In this issue:
Slate • June 29, 2010
What about the trees? Composer/writer Jan Swafford uses Marshall McLuhan's dichotomy of hot and cool media to talk about the process of reading, writing and editing on a computer screen. He maintains that the best final draft editing occurs on paper—but how many of us bother to do that anymore?
I'm surprised that I hadn't thought about using McLuhan's media analyses to think about the e-book. So much of what he said continues to be useful in deconstructing the patterns of electronic media. Try this video in which at minute 1:08 he describes what you'd recognize as a recommender system as implemented by Amazon and many others. Wow. ( Michalko)
Innovate on Purpose • July 1, 2010
Ideas=innovation—not. Blogger Jeffrey Phillips points out that when businesses solicit ideas—from employees, customers, the general public—they sometimes fall into the trap of thinking that simply assembling an idea collection translates into innovation. In fact, says Phillips, all these ideas are worthless until they are evaluated, applied to a specific problem and successfully implemented. Meanwhile, maintaining a database of unused ideas risks making an organization look stale and out of touch.
Do organizations really maintain a database of unused ideas? Many of his observations resonate with some recent experience we've had in creating an innovation space at OCLC. People think that the ideas that couldn't generate traction as business propositions can simply be dressed up a bit and will turn heads when given an innovation label. Lipstick. Pig. ( Michalko)
Evolving Newsroom • July 1, 2010
More is not better. New Zealand journalist Julie Starr suggests that newspapers' biggest problem today isn't the actual quality of news—it's people's perception of the quality. But because most news readers consume only about 10-15% of what's generated each day anyway, newspapers should try offering better curation and filtering tools that would enable readers to pack more of what they like into their "daily 10%."
There's the "curation" word again. I'm not sure the perception argument is correct nor that someone else can do a good job of packaging my ideal "10%." If I'm a frequent visitor and the system learns and I'm willing to tune it, then the selection will come closer and closer to that ideal. Of course, sometimes you'd just like to be surprised—something you wouldn't have chosen turns out to be intriguing. Like our selection for Above the Fold ; ) ( Michalko)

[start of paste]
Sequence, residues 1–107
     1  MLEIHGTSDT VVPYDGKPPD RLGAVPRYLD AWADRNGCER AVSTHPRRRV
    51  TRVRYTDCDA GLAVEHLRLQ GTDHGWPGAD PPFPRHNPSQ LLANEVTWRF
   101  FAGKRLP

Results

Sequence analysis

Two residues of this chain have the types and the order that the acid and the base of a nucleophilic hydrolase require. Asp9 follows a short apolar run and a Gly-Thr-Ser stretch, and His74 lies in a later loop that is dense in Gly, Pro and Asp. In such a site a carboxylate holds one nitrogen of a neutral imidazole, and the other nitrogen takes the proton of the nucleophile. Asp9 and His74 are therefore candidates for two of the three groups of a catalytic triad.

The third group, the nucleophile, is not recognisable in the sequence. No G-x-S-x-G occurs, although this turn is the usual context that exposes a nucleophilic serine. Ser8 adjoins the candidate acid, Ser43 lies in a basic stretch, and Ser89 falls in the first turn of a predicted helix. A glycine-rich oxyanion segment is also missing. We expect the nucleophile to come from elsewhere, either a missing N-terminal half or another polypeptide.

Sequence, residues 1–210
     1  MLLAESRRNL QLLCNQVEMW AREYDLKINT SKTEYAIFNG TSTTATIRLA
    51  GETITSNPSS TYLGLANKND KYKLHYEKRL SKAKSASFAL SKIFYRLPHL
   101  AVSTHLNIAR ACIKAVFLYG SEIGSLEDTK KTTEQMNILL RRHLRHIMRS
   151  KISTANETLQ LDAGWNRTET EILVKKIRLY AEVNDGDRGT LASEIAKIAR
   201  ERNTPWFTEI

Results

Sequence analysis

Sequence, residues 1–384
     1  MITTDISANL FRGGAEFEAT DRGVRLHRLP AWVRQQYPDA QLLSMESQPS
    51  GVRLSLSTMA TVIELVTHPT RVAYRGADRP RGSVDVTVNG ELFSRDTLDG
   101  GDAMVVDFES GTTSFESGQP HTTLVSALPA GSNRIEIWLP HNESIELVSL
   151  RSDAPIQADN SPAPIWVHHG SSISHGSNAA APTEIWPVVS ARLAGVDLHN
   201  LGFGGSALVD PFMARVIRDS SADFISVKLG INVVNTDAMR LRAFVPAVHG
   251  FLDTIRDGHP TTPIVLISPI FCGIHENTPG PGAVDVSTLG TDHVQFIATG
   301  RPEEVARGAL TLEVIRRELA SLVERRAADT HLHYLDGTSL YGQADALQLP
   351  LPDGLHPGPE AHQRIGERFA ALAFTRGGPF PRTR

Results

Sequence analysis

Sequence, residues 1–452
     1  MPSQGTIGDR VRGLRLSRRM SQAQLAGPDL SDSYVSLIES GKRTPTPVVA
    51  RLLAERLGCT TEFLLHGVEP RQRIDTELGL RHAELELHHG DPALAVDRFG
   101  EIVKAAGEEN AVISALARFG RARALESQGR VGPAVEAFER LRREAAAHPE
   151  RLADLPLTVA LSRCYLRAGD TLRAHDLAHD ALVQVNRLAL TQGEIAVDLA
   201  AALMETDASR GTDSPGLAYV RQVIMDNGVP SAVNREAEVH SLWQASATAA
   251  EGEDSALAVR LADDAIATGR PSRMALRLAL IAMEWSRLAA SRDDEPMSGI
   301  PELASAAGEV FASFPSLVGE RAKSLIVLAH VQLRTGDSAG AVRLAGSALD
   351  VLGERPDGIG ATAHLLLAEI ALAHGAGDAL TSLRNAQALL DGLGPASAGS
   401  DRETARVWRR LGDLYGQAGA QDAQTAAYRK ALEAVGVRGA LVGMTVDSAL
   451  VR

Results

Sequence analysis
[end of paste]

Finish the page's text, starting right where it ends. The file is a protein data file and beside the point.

O'Reilly Radar • July 1, 2010
Powerful stuff. As the mass of global data proliferates, easy-to-use visualization tools are essential for making sense of it. Skim this article for the Justin Bieber vs. Tea Party connections example.
This is the right idea. At present, data mining and the extraction of intelligence from large data sets is gated by those possessing high-level computational skills. When all of us get these kinds of tools there will be an explosion of investigation and new meanings based on evidence. It's not far-fetched. Think about the ways an ordinary person can now manipulate numbers using Excel. I remember how the world changed with the release of VisiCalc. ( Michalko)
Go to Hellman • July 2, 2010
Chumming for lawsuits. The Internet Archive's lending library announcement (which encompasses a whopping 187 titles) is "a declaration of war on barriers, to fair use of digitized books," says blogger Eric Hellman, who suggests Brewster Kahle's strategy of "fair use creep" is aimed at provoking publishers into taking legal action. "It looks to me as though the Archive is setting a trap, hoping that someone will take the bait and file a lawsuit despite problematic subject matter."
Brewster has often done things at the Internet Archive that are the equivalent of hanging out a sign saying " So sue me (dare you!)." Whether IA's most recent announcement is as Machiavellian as Eric suggests is debatable but credible. ( Michalko)